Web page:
The semantic field which lies between the Gothic, the future, metal, and the avant-garde is fertile with meaning. First, the Gothic, which we define here as the literary or “artistic” Gothic. It’s a sub-genre or modifier which deals with death, anxiety, and the body. Frankenstein is of course the prime example but they abound. In the Gothic, the body is vulnerable to outside invasion, colonization, and modification and that fact worries us and captures our imagination at the same time. This feeds directly into our imagination of the future, which tends to focus in many cases on bodies, especially artificial or modified ones; the cyborg, the android, the augmented. These ideas worry us: we are concerned of losing our mortality, of being outdone by post-humans, of becoming monsters beyond space and time. But these ideas also fascinate us: we dream of travelling the stars in our invulnerable bodies, of being faster and stronger, of possessing un-imagined beauty.
Metal has fed on these ideas but hasn’t quite captured the neurotic anxiety and craving that these ideas stir in us. Usually, augmented bodies from the future in metal are either bad guys to be fought or incredible potential for the liberation of mankind. That hybridity, the ambiguous fear-desire we feel towards a Gothic future in which we are all beautiful monsters, usually falls short of metal’s grasp. Enter the avant-garde. What better sub-genre of metal and, specifically, black metal, than the avant-garde to explore these complex ideas? Lychgate‘s Also sprach Futura is perfect proof of this. Channeling their already unsettling sound through a lens of futuristic, faintly Gothic, imminently cyberpunk aesthetics, the band create a kind of desired nightmare, a world of shadows and potential that evokes the very specific kind of anxiety which the heady mix of the ideas presented above incites within us.
Just listen to the first track, “Incarnate”, and, specifically, those organs. Those devilish organs! They’re so loud and fast, keeping up pace with the blistering black metal riffs even as they reach their full swing. These sounds contribute immensely to that feeling of anxiety I described above; everything feels close, closing its claws around you. But the crashing of the guitars and the drums also has a sense of the majestic to it, like a city unfurling up into the night. You fear it, it holds danger, but it’s also strangely alluring. When the vocals arrive, faintly machine-like in their quality and timbre and oh so deep, the dark image has been painted. The track sounds like the album art, dark, occult, futuristic, unsettling.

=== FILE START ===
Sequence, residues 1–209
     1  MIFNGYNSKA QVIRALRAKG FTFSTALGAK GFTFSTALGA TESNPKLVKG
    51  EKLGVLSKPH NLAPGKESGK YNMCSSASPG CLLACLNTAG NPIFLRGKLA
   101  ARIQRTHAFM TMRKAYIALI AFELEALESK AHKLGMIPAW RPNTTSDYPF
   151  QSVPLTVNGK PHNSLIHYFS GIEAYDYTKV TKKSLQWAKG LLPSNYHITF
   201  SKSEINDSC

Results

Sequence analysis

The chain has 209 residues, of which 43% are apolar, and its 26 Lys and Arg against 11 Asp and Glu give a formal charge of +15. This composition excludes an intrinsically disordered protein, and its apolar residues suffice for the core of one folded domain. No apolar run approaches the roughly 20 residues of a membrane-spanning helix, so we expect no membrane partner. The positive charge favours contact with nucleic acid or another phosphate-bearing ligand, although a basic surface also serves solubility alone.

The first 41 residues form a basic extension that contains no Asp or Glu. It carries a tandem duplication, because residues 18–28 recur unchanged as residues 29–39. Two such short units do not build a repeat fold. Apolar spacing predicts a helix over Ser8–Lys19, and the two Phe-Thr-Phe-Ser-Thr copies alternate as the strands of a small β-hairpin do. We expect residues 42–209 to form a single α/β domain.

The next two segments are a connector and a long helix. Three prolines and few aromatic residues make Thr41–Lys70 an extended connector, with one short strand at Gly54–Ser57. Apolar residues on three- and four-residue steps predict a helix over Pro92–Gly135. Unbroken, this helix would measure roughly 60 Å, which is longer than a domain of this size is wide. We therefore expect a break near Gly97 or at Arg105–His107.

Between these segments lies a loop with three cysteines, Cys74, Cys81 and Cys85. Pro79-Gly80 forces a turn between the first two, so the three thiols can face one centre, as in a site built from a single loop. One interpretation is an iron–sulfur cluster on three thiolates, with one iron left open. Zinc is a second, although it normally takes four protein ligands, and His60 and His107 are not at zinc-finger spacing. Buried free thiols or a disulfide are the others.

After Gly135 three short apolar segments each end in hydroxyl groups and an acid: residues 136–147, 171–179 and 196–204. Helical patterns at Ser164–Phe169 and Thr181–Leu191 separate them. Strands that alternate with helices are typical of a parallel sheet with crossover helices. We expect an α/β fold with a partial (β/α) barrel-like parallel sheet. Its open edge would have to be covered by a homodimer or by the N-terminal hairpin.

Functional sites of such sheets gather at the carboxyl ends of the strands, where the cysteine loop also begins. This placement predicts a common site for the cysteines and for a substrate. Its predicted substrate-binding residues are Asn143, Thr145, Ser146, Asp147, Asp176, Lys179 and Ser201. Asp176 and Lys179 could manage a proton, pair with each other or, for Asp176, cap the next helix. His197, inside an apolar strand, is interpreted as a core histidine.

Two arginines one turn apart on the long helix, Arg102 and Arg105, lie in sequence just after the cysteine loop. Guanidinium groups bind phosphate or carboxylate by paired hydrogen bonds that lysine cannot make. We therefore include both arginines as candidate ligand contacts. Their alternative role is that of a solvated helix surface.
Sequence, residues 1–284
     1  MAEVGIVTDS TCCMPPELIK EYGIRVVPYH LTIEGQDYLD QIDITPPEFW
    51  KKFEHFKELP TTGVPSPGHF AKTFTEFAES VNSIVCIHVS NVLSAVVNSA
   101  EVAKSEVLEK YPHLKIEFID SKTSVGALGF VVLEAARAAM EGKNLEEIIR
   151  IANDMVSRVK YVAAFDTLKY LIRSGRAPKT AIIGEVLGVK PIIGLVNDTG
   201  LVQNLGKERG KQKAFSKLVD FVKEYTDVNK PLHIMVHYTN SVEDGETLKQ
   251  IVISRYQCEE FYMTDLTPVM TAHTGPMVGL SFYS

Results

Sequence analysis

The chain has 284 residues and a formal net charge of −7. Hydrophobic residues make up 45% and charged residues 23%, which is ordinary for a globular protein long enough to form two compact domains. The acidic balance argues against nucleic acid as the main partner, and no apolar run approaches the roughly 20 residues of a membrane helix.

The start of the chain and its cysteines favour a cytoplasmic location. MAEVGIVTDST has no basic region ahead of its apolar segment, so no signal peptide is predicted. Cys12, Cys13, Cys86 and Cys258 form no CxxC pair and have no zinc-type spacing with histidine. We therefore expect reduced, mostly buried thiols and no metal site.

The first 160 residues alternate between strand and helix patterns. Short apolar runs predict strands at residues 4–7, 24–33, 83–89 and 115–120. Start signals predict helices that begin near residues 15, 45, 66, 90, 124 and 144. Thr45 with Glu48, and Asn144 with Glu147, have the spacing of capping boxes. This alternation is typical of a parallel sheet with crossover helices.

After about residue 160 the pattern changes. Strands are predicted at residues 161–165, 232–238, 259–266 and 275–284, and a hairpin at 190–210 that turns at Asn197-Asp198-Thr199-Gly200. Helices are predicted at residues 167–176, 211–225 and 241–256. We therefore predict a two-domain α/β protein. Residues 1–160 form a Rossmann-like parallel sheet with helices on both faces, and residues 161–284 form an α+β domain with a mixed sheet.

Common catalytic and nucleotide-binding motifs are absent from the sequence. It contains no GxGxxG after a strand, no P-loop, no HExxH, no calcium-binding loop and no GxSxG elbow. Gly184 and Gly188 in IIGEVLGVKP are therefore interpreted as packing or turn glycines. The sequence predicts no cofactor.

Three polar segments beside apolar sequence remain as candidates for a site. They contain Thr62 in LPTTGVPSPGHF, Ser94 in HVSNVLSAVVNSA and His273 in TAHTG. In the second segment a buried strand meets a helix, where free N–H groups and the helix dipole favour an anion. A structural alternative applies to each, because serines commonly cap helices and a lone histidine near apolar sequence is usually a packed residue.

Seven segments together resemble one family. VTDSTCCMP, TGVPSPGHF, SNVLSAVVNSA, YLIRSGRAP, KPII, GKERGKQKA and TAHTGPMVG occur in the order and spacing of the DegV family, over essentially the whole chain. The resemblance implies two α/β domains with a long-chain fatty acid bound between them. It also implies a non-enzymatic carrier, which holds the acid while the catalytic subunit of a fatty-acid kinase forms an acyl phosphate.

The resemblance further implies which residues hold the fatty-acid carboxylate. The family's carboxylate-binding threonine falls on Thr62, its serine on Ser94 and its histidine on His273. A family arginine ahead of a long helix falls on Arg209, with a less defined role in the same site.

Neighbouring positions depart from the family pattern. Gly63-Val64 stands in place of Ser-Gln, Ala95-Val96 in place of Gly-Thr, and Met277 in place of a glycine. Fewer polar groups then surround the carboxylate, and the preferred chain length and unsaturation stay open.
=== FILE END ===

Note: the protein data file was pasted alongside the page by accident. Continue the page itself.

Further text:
Nor does the album relent. “Progeny of the Singularity” continues with those same synths, the guitars feeding into their drama while the drums continue to etch out the main pace of the track. The riffs which start around the one and a half minute mark are some of the best on the album, their agility and expression drawing from “classical” black metal ideas but, as always, distorted through the lens of those damnable synths. It will take five full minutes before the quieter stretches of “Simulacrum”, wherein the bass gets its moments in the inverted, black, digital sun, allow you some measure of breath. But even there, the tension is maintained by the abrasive screams which scorch the back of the mix, before one of the most Gothic moments on Thus sprach Futura, with the organs blaring into a moment’s silence to announce the track’s outro.
That “out of breath” feeling is further maintained and amplified by the fact that the album is so short. To be honest, twenty minutes is the perfect run-time for music of this sort; before your ears tire out, before your stomach can acclimate to what’s happening, the album is over with a gasp. You feel immediately drawn back to because it is over, because you have a choice to play it again, rather than its musical ideas overstaying their welcome. Also sprach Futura, because of many things other than its run-time, like its cover art, tones, composition and structure, is a whirlwind of an album. It invokes that desire, that fear, that anxiety towards the future and our existence within it that Gothic works so often do and does it damn well. In fact, it does better than almost anything else which I’ve heard operate in these semantic spaces. Nietzsche would have been proud.
. . .
Also sprach Futura sees release next week, on March 13th. You can, and should, head on over to the band’s Bandcamp to pre-order it.